Few studies have examined the role of formal leadership in challenging and/or reproducing the white landscape of more ethnically homogenous cultural contexts, such as regional and rural Australia. This chapter contributes to such research through its examination of the leadership practices in a regional high school which had undergone a shift from a largely white, monocultural demographic to a more ethnically diverse student population. It analyses the executive’s laudable attempts to open up a space for/on behalf of minority ethnic students through a positive engagement with cultural recognition and diversity. It draws on Spivak’s distinction between representation as ‘speaking for’ a particular group, and on the other hand, ‘involving interpretation’, in its exploration of the complex and fraught terrain of school leadership advocacy work when attempting to foreground marginalised voices.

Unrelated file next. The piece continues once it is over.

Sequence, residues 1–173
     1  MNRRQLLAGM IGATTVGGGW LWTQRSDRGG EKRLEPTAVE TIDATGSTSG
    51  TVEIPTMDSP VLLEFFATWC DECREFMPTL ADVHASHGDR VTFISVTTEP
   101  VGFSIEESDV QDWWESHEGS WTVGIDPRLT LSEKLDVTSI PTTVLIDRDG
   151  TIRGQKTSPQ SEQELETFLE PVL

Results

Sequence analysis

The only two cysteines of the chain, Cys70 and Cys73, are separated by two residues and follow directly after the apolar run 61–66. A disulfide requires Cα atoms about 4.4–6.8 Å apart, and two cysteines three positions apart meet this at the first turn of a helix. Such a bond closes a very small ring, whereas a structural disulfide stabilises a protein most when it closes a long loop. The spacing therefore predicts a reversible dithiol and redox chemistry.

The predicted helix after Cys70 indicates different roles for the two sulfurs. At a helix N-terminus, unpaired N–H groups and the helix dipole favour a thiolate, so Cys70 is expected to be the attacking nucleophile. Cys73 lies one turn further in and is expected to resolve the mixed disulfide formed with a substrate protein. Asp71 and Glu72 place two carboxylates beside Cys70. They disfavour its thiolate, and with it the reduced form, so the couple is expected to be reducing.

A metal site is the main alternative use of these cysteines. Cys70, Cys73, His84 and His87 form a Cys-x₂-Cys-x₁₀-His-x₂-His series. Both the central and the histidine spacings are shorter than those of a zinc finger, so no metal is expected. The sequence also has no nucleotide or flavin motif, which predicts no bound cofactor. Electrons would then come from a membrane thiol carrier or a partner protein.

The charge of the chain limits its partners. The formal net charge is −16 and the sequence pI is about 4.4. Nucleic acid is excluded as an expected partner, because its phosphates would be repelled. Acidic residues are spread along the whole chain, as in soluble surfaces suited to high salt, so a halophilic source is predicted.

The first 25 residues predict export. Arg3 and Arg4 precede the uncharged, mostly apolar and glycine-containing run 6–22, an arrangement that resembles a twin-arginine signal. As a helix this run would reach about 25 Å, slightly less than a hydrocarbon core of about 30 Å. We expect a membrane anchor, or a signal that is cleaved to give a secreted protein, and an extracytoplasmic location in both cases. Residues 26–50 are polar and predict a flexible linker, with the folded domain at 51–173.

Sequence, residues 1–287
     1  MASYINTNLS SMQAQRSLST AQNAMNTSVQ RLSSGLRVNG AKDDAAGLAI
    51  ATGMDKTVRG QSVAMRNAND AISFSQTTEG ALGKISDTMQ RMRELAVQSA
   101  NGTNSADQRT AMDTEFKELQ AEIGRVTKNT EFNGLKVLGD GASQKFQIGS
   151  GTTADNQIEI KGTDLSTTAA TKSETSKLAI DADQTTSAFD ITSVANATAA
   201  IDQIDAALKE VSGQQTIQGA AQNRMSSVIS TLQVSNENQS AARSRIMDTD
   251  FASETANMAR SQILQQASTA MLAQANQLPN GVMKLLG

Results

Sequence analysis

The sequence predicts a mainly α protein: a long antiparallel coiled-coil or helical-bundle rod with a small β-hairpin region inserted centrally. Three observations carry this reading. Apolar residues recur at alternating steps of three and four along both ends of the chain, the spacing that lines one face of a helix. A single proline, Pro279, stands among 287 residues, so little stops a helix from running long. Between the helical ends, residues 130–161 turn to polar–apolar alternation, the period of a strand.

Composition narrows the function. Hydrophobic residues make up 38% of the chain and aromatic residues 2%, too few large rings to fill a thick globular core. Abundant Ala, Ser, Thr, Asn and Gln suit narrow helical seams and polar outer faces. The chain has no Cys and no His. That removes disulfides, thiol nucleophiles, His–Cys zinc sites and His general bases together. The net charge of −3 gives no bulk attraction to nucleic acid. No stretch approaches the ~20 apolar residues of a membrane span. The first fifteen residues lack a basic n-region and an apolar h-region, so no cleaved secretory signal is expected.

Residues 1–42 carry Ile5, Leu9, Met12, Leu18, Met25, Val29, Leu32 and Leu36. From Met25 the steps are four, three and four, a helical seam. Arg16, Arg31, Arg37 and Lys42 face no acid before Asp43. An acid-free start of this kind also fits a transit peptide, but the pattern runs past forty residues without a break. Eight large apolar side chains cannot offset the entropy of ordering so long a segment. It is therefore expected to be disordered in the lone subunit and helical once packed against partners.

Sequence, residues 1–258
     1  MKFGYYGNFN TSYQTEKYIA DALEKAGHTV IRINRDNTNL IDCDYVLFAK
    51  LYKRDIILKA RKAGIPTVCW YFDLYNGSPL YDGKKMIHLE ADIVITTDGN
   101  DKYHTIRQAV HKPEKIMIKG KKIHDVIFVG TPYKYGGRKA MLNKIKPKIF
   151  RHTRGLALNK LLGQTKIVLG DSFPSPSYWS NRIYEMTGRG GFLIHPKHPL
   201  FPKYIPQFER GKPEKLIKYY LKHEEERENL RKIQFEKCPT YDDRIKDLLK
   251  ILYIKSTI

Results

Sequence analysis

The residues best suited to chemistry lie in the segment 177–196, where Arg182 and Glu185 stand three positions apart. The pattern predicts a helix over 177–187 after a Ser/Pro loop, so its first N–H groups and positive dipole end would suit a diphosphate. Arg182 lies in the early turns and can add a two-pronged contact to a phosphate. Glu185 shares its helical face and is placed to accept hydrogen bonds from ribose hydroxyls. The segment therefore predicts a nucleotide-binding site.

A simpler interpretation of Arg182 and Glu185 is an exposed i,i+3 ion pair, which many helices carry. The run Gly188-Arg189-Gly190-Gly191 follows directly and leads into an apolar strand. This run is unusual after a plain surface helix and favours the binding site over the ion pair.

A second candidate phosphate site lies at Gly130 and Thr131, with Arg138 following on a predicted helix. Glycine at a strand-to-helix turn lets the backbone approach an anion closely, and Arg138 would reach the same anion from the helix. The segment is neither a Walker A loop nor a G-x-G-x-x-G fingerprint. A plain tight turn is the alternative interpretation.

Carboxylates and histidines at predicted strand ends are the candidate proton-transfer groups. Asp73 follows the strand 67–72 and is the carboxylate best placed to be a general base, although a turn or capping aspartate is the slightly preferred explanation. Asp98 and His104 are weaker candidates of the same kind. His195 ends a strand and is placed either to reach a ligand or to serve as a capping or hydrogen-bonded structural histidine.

The chapter highlights the importance of a critical interrogation of leaders’ assumptions and practices when undertaking advocacy work for minority ethnic students. It argues such interrogation is a crucial aspect of school leadership practice in regional and rural Australia, where historically Indigenous and ethnic ‘others’ are discursively concealed in a white landscape with subsequent deleterious material impacts (Edgeworth, 2011).